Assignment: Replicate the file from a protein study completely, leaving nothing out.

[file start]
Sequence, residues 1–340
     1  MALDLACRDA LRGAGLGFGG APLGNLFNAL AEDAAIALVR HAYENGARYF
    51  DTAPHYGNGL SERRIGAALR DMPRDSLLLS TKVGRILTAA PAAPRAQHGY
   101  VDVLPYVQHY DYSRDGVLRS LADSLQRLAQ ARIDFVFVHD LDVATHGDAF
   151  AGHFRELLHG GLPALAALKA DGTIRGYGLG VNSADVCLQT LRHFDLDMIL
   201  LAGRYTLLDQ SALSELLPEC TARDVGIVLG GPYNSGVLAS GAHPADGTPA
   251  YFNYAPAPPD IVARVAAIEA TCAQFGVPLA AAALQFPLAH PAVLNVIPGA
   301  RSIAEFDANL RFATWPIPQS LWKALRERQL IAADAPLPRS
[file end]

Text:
Sequence, residues 1–340
     1  MALDLACRDA LRGAGLGFGG APLGNLFNAL AEDAAIALVR HAYENGARYF
    51  DTAPHYGNGL SERRIGAALR DMPRDSLLLS TKVGRILTAA PAAPRAQHGY
   101  VDVLPYVQHY DYSRDGVLRS LADSLQRLAQ ARIDFVFVHD LDVATHGDAF
   151  AGHFRELLHG GLPALAALKA DGTIRGYGLG VNSADVCLQT LRHFDLDMIL
   201  LAGRYTLLDQ SALSELLPEC TARDVGIVLG GPYNSGVLAS GAHPADGTPA
   251  YFNYAPAPPD IVARVAAIEA TCAQFGVPLA AAALQFPLAH PAVLNVIPGA
   301  RSIAEFDANL RFATWPIPQS LWKALRERQL IAADAPLPRS